Our last couple of days in Quito did not lack for excitement.
Things started out pretty low-key. On Sundays, one of the main avenues through the city — that passes by the park right outside our apartment — closes to traffic and is taken over by bikes. Our plan was to rent bikes then bike into the Old City (several kilometers away), which is also closed to cars.
Alas, we were foiled by Lanie’s diminutive stature. The first bike rental place we found didn’t have a small enough bike. They attempted to make a larger one fit by lowering the seat all the way, but this proved rather disastrous when Lanie took it for a trial run and, out of her depth trying to control it, immediately almost took out another biker. We quickly said our no, graciases and our lo sientos and bolted out of there. We thought there would be more options, so we walked…and walked…and walked…and didn’t find anything.
At this point, I should say that Zoe, usually our most intrepid hiker, was lagging further and further behind. Zoe is joining the high school cross-country team next year, and is expected to run 5-6 days a week all summer, traveling or no traveling. But our daily runs in Quito (elevation 9350 feet) had done a number on her.
Eventually we reached another park. It did, in fact, have many bikes for rent, but at this point we’d rather lost our appetite for it. So we contented ourselves with lounging around for a while, reading, people-watching, trying out various playground equipment (in Lanie’s case), and eating random food from the abundant food carts. The park was full of people enjoying
their weekend, with pickup soccer games and bike-riding families everywhere.
I should add a word about Quito’s parks. We’ve been so impressed with the amount that the city has clearly invested in becoming a healthy and livable place for its populace. The park by our apartment, Parque La Carolina, was huge and filled with attractions. Along with the usual paths, fields, and trees, there was an elaborate botanical garden and “serpentarium” (which Nadia refused to enter). There was a winding lake with islands, bridges, and paddleboats. There was a brand new one-kilometer synthetic track, the center of which was filled with athletic fields and courts as well as a set of metal non-electric exercise equipment. There were extensive networks of well-paved bike paths, as well as a bike terrain park and a huge skateboard park. There were any number of playgrounds, which brought delight to Lanie’s heart. (She was most excited about the attraction pictured below, which we thought would be a kind of trampoline but which in fact she landed in with a bit of a thud. Someone quickly appeared and told us it was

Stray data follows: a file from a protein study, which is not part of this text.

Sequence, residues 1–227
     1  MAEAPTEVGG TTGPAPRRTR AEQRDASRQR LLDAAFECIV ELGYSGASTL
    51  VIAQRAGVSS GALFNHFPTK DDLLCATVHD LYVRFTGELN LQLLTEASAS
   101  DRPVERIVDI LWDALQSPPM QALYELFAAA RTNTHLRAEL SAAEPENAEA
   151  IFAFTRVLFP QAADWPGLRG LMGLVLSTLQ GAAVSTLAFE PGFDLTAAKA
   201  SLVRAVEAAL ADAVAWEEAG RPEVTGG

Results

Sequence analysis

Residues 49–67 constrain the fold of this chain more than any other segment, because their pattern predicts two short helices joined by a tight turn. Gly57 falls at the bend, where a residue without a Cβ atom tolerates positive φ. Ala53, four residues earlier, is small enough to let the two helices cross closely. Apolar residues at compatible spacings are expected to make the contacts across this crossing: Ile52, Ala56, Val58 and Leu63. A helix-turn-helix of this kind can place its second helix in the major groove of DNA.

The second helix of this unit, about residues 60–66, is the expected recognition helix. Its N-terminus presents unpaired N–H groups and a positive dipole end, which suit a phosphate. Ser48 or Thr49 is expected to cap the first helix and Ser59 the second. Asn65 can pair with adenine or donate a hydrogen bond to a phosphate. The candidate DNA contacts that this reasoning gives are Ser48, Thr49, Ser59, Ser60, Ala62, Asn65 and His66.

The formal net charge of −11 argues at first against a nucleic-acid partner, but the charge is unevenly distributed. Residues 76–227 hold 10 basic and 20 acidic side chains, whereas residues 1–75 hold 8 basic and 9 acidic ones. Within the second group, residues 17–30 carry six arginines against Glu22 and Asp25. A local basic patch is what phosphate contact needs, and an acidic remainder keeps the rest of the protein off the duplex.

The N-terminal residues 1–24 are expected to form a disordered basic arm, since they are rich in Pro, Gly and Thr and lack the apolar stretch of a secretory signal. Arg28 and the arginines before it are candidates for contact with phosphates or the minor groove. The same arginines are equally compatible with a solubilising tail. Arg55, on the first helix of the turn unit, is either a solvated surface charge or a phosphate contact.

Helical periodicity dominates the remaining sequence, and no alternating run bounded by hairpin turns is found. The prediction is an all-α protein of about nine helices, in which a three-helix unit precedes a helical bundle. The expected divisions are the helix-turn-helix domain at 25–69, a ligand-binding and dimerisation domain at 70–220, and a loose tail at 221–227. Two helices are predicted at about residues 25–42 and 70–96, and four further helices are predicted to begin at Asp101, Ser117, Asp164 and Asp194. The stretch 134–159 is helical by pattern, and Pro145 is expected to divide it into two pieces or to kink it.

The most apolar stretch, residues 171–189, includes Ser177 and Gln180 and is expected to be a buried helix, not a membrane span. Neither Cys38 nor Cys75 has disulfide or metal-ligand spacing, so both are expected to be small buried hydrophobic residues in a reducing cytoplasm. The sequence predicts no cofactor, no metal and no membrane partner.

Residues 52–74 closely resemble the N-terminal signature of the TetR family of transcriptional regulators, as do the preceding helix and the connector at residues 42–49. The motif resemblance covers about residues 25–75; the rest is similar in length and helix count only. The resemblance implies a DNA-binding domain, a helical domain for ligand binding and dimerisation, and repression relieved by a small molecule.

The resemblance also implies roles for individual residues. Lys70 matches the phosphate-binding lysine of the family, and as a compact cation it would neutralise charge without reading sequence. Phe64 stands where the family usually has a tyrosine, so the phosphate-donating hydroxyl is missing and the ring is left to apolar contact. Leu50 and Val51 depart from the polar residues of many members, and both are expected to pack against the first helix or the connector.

for ages 4 and under only, so she only got the one crack at it.) The paths were lined with carts selling about anything you could want — fresh fruit and ice cream and sausages and a pile of cotton candy almost bigger than Lanie. Everything was clean and well-maintained, and the locals made great use of it. I’ve never seen so many runners and bikers as I did on a weekend morning in Parque La Carolina.
Eventually we decided the
prudent course was a cab back to our park, and an afternoon relaxing there and in our apartment. We had dinner at the local pizzeria, and thought we’d have a nice calm movie night followed by an early bedtime.
We were watching National Treasure 2. If you are not familiar with this franchise, it is basically a PG-rated Da Vinci Code. The end was very exciting, with the characters trapped in a cave that was collapsing. Boulders were falling everywhere, water was pouring in, and crashes sounded from the television. Also, the whole building was shaking! Wait, why is the building shaking??
Bob and I quietly debated this for a bit. Our apartment was on the 10th floor. Was it possible that the effect was due to high winds? It seemed to stop for a bit, then started up again. When I noticed the picture frame on the wall rocking back and forth, I decided to check in with our landlord. Lo and behold, we had just experienced an earthquake.
On his advice, we went downstairs and out to the park to mill around with various other building and neighborhood residents, not quite sure what we were doing or how long we should do it for. Eventually, people started drifting in so we followed along. Not quite the restful night we had planned, but it certainly could have been worse.